The Scary Side of Business Isn’t All That Scary.
April 30, 2018

When was the last time you walked into a crowded room and sought out a stranger to talk to instead of making a beeline toward a familiar face? Not lately, huh?  It seems we fear what we don’t know, and as creatures of habit, we tend to enjoy our comfortably lined security nests, and don’t veer easily toward what is foreign to us.

When it comes to business networking, many of us wince.


We immediately think about a pushy salesperson with a sweaty stack of business cards, but that’s not what it should be about. It should be about getting to know people. New people. And that can be scary stuff.

This week, however, I pushed the boundaries of my comfort level. Jacqueline Holm, Assistant General Manager for the Quad Cities River Bandits, gave a presentation at the PR Network Half Day Workshop on networking, and her words resonated with me.

Here’s the thing about walking up to a perfect stranger and introducing yourself—it’s a little scary for everyone.  But there’s a good chance we’ll have something in common with that person, because at our core, we’re all just people. And those similarities? They make new people less scary because once we learn we have something in common, we feel as if we know them—at least a little—because they are like us.

Jacqueline had us break into groups of two (yes, groups of two strangers!), gave us a list of icebreaker questions and within a few minutes, we all knew something—and had things in common with—a perfect stranger.

It’s likely that we all had anxiety to some degree, but no one fled the room, no one cried, and no one was exiled from the village. I’d say it was a success.


All of this got me to thinking about the Quad Cities Big Table event that took place the week before. Over 5000 people participated in over 500 tables throughout the Quad Cities, giving residents and businesses a chance to voice their opinions on how they would like to see the area grow. The table I participated in discussed how to foster diversity and inclusion. The consensus was that we tend to gravitate toward people we know and shy away from people we don’t, and if we can overcome that, we’ll be a more inclusive society.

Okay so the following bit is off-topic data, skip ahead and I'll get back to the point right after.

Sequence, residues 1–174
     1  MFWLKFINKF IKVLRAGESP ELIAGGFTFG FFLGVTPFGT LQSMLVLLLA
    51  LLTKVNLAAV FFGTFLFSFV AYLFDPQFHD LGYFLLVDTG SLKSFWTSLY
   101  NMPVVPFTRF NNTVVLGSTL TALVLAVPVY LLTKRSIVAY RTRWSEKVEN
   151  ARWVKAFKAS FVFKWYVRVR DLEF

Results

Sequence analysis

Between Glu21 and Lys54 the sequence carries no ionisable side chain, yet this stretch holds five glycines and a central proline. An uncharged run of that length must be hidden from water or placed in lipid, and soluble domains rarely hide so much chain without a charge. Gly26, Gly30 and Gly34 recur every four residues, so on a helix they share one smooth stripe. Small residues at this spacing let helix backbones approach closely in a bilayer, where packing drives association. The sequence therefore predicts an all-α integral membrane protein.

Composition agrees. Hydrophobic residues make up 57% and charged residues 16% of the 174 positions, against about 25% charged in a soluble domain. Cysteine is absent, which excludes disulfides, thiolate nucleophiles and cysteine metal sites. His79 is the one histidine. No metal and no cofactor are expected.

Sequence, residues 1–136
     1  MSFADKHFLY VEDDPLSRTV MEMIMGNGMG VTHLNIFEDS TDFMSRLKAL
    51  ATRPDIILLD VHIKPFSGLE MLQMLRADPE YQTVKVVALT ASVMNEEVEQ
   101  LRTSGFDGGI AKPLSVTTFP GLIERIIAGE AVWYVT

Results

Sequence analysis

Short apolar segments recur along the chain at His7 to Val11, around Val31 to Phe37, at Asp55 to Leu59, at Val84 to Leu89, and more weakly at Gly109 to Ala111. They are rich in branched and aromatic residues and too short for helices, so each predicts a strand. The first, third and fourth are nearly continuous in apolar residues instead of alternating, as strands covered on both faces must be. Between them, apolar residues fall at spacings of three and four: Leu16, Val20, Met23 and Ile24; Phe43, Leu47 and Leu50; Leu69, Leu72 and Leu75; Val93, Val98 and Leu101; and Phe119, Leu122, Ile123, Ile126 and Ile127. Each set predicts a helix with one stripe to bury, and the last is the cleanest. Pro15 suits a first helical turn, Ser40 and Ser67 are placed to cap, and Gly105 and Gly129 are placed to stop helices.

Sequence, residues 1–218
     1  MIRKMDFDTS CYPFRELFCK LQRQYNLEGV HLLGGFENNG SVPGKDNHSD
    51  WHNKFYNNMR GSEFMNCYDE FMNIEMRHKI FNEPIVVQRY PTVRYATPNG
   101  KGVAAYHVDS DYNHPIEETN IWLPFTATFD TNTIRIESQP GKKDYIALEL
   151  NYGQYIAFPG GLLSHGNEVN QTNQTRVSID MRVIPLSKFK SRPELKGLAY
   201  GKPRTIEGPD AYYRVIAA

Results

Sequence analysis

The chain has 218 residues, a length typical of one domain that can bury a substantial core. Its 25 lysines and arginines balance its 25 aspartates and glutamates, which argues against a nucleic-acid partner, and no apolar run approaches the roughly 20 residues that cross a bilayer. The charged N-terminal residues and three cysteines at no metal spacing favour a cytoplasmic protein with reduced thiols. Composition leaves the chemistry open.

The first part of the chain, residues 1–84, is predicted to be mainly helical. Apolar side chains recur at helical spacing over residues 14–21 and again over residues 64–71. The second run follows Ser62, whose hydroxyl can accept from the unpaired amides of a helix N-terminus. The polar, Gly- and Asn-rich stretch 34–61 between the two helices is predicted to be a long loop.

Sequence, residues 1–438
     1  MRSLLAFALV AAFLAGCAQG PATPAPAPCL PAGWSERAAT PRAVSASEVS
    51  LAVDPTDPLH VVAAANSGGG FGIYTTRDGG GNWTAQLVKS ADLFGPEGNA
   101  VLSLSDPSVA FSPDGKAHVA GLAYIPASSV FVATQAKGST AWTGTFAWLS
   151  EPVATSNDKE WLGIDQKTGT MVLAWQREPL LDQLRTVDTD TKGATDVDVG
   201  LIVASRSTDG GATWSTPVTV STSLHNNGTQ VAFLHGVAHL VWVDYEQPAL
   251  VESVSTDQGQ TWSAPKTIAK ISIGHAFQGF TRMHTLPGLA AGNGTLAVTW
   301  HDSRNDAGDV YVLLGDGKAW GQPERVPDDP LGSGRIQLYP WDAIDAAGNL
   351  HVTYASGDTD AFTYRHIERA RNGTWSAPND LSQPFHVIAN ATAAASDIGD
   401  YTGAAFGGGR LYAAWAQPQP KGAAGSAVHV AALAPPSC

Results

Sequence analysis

This leads me back to that issue of fear and comfort. If we don’t get out of our comfort zones—if we don’t meet new people and go new places—we’ll do little to foster diversity and inclusion. We—all of us—need to be willing to strike up a conversation with someone who doesn’t look like us or think like us. We need to be willing to listen to an opinion that is different from our own, and we need to be willing to hear it. We need to be willing to experience things that force us to shed our security blankets.

For the Quad Cities Big Table group I participated in, this means choosing to frequent locally owned businesses owned by people whose backgrounds are different than our own and intentionally saying hello to new people.

We may feel uncomfortable at first, but that’s just the fear of the unknown whispering in our ear.


And let’s face it—our best memories are not usually created doing those humdrum things that are part of our everyday routine. They’re usually created doing new things that challenged us, surprised us or inspired us. People are much the same way. It can be those new people who will challenge, surprise or inspire us.

I think it’s time we go meet them.

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